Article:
A Python Interface

  1. Features
  2. Limitations
  3. Installation
  4. Examples
Python is a powerful, high-level interpreted language that is widely used within the particle physics community. It is particularly useful as an interactive language that provides fast proto-typing of code. An experimental Python interface to PYTHIA is available. This interface has been generated using SWIG (Simplified Wrapper and Interface Generator). Please note that this interface has not been extensively tested and consequently issues may arise. If bugs are found or additional features are required, as usual, please report them to the PYTHIA authors.

Features

An attempt has been made to translate all PYTHIA classes and functions to the Python interface as directly as possible. The following features are included in the Python interface:

Limitations

A variety of methods to interface C++ code with Python exist, each with its own advantages and disadvantages, some of which are being rapidly developed. Currently, for the purposes of an interface to PYTHIA, SWIG provides the best option. However, this may not remain the case, and the technical interface may be changed to some other method, e.g. cppyy, in the future. The Python interface to PYTHIA currently suffers the following limitations:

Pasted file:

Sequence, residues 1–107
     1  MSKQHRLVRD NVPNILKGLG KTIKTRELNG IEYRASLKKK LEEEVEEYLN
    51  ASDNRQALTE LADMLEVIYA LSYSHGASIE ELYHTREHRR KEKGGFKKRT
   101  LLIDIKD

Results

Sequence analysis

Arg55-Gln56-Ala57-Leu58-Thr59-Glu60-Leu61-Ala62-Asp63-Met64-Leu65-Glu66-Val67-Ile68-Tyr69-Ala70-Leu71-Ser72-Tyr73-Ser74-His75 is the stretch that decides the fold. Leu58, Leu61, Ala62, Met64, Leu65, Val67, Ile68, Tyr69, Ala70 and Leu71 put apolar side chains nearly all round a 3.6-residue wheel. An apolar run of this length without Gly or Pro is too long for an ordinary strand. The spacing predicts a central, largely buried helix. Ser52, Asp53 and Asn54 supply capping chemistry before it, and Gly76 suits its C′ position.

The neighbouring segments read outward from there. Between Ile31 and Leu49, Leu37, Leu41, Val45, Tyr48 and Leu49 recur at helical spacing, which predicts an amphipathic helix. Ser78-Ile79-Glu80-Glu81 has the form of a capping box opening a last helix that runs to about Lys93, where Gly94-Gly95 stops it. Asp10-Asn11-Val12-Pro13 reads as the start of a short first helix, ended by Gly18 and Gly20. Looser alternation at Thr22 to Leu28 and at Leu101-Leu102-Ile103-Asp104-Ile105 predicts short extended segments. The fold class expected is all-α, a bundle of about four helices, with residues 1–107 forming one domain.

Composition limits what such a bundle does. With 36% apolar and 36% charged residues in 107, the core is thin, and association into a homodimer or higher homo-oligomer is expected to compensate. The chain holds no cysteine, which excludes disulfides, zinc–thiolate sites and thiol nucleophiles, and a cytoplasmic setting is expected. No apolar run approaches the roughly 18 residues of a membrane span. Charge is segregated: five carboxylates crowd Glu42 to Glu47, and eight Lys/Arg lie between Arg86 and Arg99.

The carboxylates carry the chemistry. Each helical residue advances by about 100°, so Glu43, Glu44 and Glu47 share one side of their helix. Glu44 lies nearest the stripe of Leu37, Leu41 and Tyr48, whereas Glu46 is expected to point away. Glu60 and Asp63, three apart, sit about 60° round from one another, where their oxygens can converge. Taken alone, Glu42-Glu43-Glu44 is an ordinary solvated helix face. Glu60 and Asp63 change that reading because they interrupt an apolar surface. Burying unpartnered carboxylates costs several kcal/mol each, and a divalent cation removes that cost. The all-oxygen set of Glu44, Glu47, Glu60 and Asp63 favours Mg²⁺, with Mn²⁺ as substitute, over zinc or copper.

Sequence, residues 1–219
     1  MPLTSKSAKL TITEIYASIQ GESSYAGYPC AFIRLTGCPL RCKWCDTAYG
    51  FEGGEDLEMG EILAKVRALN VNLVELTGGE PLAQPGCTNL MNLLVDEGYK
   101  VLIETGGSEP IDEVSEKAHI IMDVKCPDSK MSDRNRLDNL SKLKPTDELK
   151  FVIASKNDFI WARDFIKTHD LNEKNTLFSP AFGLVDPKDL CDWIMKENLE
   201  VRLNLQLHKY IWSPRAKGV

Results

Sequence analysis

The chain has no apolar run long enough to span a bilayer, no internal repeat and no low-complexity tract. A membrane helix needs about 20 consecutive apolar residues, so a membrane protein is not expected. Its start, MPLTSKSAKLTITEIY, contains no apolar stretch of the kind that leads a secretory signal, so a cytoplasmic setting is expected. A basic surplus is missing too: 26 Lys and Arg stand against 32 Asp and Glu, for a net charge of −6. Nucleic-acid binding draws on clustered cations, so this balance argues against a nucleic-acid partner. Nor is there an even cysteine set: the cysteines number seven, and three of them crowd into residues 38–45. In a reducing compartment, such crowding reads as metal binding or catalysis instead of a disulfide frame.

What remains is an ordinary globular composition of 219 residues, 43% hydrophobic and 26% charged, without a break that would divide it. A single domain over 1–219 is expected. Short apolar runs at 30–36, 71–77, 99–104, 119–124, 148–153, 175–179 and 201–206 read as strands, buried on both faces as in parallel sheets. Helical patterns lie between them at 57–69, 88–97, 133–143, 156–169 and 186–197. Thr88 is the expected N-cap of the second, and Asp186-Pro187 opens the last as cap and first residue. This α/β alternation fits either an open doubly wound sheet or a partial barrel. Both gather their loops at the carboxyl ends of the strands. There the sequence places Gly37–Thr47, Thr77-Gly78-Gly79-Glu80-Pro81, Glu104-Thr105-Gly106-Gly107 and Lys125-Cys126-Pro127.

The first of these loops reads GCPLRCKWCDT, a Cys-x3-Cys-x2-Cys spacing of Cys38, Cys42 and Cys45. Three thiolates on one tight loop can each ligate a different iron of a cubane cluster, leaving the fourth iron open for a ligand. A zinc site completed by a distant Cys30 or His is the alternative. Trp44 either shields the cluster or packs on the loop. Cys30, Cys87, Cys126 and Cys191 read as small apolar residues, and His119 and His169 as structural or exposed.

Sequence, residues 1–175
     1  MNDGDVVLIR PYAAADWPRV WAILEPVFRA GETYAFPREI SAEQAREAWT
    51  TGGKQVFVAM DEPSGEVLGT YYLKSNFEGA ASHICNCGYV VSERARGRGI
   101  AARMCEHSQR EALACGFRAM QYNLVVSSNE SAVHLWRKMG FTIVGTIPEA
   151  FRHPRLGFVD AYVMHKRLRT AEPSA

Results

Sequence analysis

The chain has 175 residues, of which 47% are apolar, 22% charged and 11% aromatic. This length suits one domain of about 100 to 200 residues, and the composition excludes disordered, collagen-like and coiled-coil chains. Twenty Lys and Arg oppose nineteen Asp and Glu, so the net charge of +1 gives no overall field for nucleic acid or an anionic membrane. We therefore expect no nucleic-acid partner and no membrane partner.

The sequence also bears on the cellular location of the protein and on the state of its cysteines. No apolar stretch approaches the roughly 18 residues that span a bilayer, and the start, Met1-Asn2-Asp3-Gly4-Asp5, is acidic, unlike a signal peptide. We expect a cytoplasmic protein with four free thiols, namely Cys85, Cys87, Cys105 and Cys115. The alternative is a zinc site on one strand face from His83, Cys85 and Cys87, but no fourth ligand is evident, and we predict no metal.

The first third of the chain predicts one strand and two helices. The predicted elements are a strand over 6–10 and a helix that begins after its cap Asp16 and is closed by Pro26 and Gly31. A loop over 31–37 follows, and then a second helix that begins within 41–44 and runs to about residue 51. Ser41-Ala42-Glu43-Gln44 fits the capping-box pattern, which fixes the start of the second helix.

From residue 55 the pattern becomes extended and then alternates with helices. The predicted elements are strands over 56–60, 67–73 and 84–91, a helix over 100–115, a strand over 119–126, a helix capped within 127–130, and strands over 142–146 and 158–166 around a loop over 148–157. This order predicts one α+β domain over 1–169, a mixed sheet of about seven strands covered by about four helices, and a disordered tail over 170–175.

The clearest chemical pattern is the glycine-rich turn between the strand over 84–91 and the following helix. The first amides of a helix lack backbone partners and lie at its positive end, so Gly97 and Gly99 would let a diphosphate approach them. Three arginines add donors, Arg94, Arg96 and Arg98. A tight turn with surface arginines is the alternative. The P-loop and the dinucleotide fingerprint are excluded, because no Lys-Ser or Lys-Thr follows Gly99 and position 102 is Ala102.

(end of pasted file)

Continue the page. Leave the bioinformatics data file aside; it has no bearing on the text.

Installation

To install the Python interface, both the python command, as well as the Python system header Python.h must be available. The directory containing the python command can be passed to the PYTHIA configuration via the option --with-python-bin, while the directory containing Python.h can be set with the option --with-python-include. An example configuration could be as follows,
 
    ./configure --with-python-include=/usr/include/python2.7 \ 
    --with-python-bin=/usr/bin 
where the paths must be changed accordingly for the local system. If the location of Python.h is unknown, oftentimes the command python-config --includes will supply the correct path. Please note that the Python versions for the python command and Python.h header must match. This is of particular importance when compiling against Python 3. Many systems will provide the Python 3 command via python3 rather than python, so either a temporary alias should be made, or a soft link of the python3 command to python could also be made. However, take care, as many systems rely on Python 2 for things such as package managers, etc. Also note that if one wishes to utilize GZIP support (needed for the LHAupMadgraph plugin) then the option --with-gzip should also be provided.

After configuring the Python interface for PYTHIA to be built and running make as usual, the following files should be generated in the directory lib.

To ensure that the pythia8.py module is available to Python, the system variable PYTHONPATH should be set similar to

 
    export PYTHONPATH=$(PREFIX_LIB):$PYTHONPATH 
where PREFIX_LIB is the directory lib which contains pythia8.py. Generally, the library paths should be set correctly, but it also may be necessary to set
 
    export LD_LIBRARY_PATH=$(PREFIX_LIB):$LD_LIBRARY_PATH 
where DYLD should be substituted for LD in OS X. Alternatively, it is also possible to define the Python path from within Python, as is done within the provided examples.

Examples

To use the Python interface for PYTHIA, start Python and import pythia8. The provided examples can be run by python mainXX.py where XX is the number of the example.